Life in Afghanistan for a Teacher and Her Students
Zahal Turkmani, Northern Arizona University
My sister Nargis Turkmani was born and raised in Afghanistan. She has two boys and three girls and has been married for over 23 years. Nargis’s story is simple: Every day she works to make a better life for herself and her children.
Nargis has witnessed both the good days and the bad days in Afghanistan. She remembers the good times she had with her friends and siblings when she was a teenager attending Sooria High School: “Walking to school was safe and shopping at the market was fun. We dressed however we wanted to until the war began.”
The invasion of the Soviet army in 1979 was one of the first wars that broke Afghanistan into small pieces. Despite the war-torn environment, Nargis graduated from high school and attended Kabul University for two years. As the war continued, a lot of families fled Afghanistan and migrated to Iran, Pakistan, and India. Nargis’s father fled to Pakistan. Before leaving, he arranged a marriage for Nargis to his friend’s son and left her in Afghanistan as a newlywed. With eight other children to support, her father considered the marriage to be the safest choice for Nargis; young girls could get raped and killed if they didn’t have a strong support system.
Today, Afghanistan is still broken. Although there isn’t a war, there is also no peace. The Taliban frequently sends suicide bombers to terrorize Kabul. Any individual born in Afghanistan has witnessed the brutality of war. Nargis has witnessed many such incidents. There are constant bomb threats in the city and at the school where she teaches.
Recently, Nargis witnessed a suicide bomb attack at an education center in the Dasht-e-Barchi neighborhood, which left many injured and 34 dead. She was particularly disturbed by this event because she had been planning on enrolling her eldest son at that center, and says there is now no safe option for furthering his education. With a shaky voice, she told me: “The students were taking their university exams and the attack happened at that moment; those were all innocent children trying to make a better future for themselves. I will send you the students’ pictures that died during the bomb attack.”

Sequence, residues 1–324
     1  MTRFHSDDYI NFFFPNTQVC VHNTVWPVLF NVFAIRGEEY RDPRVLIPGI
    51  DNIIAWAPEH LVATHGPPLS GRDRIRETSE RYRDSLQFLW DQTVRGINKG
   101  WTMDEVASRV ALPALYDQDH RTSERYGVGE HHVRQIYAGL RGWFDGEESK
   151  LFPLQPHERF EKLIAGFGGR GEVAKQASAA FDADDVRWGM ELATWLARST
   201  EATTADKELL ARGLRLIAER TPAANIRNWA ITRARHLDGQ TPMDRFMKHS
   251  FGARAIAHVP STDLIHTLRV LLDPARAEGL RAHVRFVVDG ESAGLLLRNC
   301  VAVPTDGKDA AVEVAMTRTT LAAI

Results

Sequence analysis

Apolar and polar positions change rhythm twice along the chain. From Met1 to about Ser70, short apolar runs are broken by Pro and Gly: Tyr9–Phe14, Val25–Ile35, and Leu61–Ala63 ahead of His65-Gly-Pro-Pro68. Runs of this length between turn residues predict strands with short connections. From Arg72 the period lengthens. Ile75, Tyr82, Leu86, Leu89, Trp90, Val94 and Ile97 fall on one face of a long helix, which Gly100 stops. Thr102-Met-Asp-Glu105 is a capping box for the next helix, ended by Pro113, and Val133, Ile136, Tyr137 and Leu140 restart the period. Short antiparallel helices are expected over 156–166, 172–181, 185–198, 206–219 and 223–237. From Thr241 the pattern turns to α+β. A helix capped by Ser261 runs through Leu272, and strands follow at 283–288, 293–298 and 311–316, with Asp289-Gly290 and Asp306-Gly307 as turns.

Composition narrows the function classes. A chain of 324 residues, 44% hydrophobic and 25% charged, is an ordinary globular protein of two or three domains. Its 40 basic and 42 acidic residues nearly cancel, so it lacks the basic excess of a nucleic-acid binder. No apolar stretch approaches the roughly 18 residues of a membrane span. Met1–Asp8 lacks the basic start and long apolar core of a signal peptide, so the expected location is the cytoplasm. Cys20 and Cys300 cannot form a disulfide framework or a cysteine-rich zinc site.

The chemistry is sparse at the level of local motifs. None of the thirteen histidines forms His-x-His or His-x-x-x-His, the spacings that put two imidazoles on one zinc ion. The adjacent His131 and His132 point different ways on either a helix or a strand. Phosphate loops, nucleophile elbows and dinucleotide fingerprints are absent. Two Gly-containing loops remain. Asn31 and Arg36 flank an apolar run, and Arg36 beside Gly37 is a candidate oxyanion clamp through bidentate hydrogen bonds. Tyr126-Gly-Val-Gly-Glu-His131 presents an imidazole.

Hearing Nargis’s sad voice affected me deeply because I understand her pain. When I think about school bombings in Afghanistan, I also consider the school shootings in the United States. The images of young victims are so hard to view. It makes one feel like children are not safe anywhere, whether they are in Afghanistan, the United States, or so many other places around the world where violence touches the lives of young people.
Nargis teaches 4th-6th-grade language arts at Abdul Rahim Shaheed school in Dasht-e-Barchi. She explains that her students often miss school because they are afraid to leave their homes. Many of her students have lost family members to bombings. I was very curious about the emotional support available to children in Afghanistan, particularly with regard to the frequent suicide bombs. Nargis explained, “I try my best to explain the topic of death and show support to students who have lost a family member.” When I asked her whether students received in-school counseling services, she almost chuckled and said, “We don’t have that in our schools, everybody deals with their own problems.”
Nargis Turkmani celebrating International Teachers Day with her students.
When I visited Afghanistan in 2016, I could see that schools are very basic in Kabul city; they have limited school supplies and no counseling services or individualized education programs (IEPs) for students in need. The school supplies include: a blackboard, chalk, attendance folder for the teacher, and a book, a notebook, and a pencil for the student.
With limited supplies and families’ concern about safety, I wondered how Nargis motivates them to attend school. She explained, “Often, I talk to the students in a group about things we are thankful for. I also tell them about students in Japan who didn’t stop getting their education during WWII, continuing their studies underground.” Her teaching style emphasizes being strong and becoming better individuals.
It broke my heart hearing about what my sister Nargis and her students go through every day. Hearing my sister’s story, I want to show support for her and her students, but there is only a little I can do. Nargis is very fearless and powerful; she is standing strong to support her family, and also her students.